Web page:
LICP’s 19th Annual Real Estate Breakfast explores urban transformation in Long Island City

real estate
The panelists at the LICP Real Estate Breakfast.
Photo by the Queens Post

The Long Island City Partnership (LICP) held its 19th annual Real Estate Breakfast at the newly-opened Brewster LIC Conference Center Tuesday morning, exploring the challenges and opportunities facing the neighborhood in 2024. 

Over 300 people attended the event, which took place at 27-01 Queens Plaza North and explored the theme of “LIC’s Evolution: Navigating Urban Transformation”. 

A diverse panel, including CityPickle co-founder Erica Desai, Noguchi Museum Director Amy Hau, Evan Orsatz, CEO of upscale grocery store Butterfield Market, and John Silviano, Principal with Barone Management, discussed the importance of working together to improve the neighborhood. 

LICP board member David Brause, President of Brause Realty and the long-time host of the Real Estate Breakfast, moderated Tuesday morning’s panel discussion while Queens Borough President Donovan Richards delivered closing remarks. 

David Brause (left) addressing the audience. (Photo Queens Post)

Brause said it was “absolutely crucial” to hear from a diverse range of voices about the issues and opportunities facing Long Island City, including representatives from the neighborhood’s retail, cultural, and real estate sectors. 

“If you look back at our 19 years, it’s been a really diverse group of people,” Brause said. “It’s a really good collection of people. Every year, you get a different flavor of what’s going on in the neighborhood.” 

Tuesday’s panel discussed the difficulties of bringing new retailers and office tenants to Long Island City since the Covid-19 pandemic, with Brause calling for an extension of New York’s Real Estate Incentive Program (REAP), which offers tax incentives for businesses who set up in the boroughs outside Manhattan. However, the program is set to expire in June 2025. 

“REAP is absolutely crucial to getting office tenants to come to the boroughs,” Brause said. “I mean, it’s a critical, critical component.” 

CityPickle, an indoor pickleball location that opened at 9-03 44th Rd. last September, and Butterfield Market, a beloved Upper East Side grocery store that is set to open a 10,000-square-foot location at 29-17 40th Ave. later in the year, are two examples of businesses that have migrated to Long Island City since the Covid-19 pandemic.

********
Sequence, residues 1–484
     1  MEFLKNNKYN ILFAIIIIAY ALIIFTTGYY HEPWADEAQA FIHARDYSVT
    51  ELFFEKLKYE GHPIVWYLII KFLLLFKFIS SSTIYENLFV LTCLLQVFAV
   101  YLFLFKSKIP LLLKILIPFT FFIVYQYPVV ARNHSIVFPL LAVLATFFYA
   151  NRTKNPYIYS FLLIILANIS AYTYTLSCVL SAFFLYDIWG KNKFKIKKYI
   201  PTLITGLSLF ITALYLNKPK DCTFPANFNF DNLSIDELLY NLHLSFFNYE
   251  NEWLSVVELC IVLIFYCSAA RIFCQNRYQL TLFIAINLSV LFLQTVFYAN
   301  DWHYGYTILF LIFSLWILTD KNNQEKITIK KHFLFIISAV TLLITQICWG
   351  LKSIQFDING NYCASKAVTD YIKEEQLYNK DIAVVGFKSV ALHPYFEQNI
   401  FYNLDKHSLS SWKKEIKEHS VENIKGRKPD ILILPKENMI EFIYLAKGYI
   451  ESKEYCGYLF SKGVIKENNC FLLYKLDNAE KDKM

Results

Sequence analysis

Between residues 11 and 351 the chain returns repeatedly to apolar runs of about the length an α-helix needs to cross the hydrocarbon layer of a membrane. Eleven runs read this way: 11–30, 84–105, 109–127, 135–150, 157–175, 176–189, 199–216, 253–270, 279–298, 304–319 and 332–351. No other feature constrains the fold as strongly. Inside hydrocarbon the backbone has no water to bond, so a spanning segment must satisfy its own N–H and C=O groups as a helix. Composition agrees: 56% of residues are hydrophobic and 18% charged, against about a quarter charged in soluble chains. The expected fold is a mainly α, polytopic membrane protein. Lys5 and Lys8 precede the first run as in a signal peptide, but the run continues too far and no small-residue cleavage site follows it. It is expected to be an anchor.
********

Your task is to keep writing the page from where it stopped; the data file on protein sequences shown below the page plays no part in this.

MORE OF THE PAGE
Desai of CityPickle and Obsatz of Butterfield Market told Brause and Silviano of the importance of interconnectedness between retail and real estate to lure more businesses to the neighborhood. 

Hau, meanwhile, called for incentives to keep artists in the city and also noted that the Noguchi Museum is consistently facing problems related to climate change. 

The museum, which is located at 9-01 33rd Rd., is experiencing “more and more extreme stormwater issues” on Vernon Boulevard. 

“Every time there’s a big rain storm, we just know we have to batten down everything,” Hau told the audience. “We have a lot of art to protect – and people. We need to make sure they’re safe.” 

The panel discussed the planned expansion of the Long Island City Business Improvement District (BID), which is set to almost double in size after receiving advisory approval from Queens Community Board 2 last month. 

Brause said the proposal will allow the BID to take care of the beautification of Long Island City and install more street lighting to improve safety for pedestrians at night. He also said he expects the expansion to be confirmed within the next few months. 

Responding to a question from Hunters Point Park Conservancy President Rob Basch about a lack of green space in Long Island City, Brause said developers are now incorporating parks and green spaces into their designs. 

Basch pointed out that Long Island City ranks 57th out of 59 in New York City in terms of parks and green spaces, but Brause highlighted the BID’s efforts to improve parks in the area, pointing to the maintenance and beautification of Dutch Kills Green in Queens Plaza. 

QBP Donovan Richards during his closing remarks. (Photo Queens Post)

In his closing remarks, Richards remarked that retail “continues to struggle” in Long Island City but noted that a number of new restaurants and businesses have opened in the area. 

He urged ongoing support for businesses in Long Island City to help them thrive and stay in the community.

“We want to ensure that we continue to support industries across different sectors here,” Richards said, adding that he will do everything he can to keep JetBlue in Queens. 

He also pointed to several upcoming projects, including the transformation of the Ravenswood Generating Station into a green energy hub and the planned Champlain Hudson Power Express, which, once completed, will bring renewable energy from Quebec to Astoria. 

“There’s so much potential here, but we know we have a lot of work to do. We want to make sure that we have the right investments ahead of us to make sure that this special industrial business area is seeing the investments that it needs.”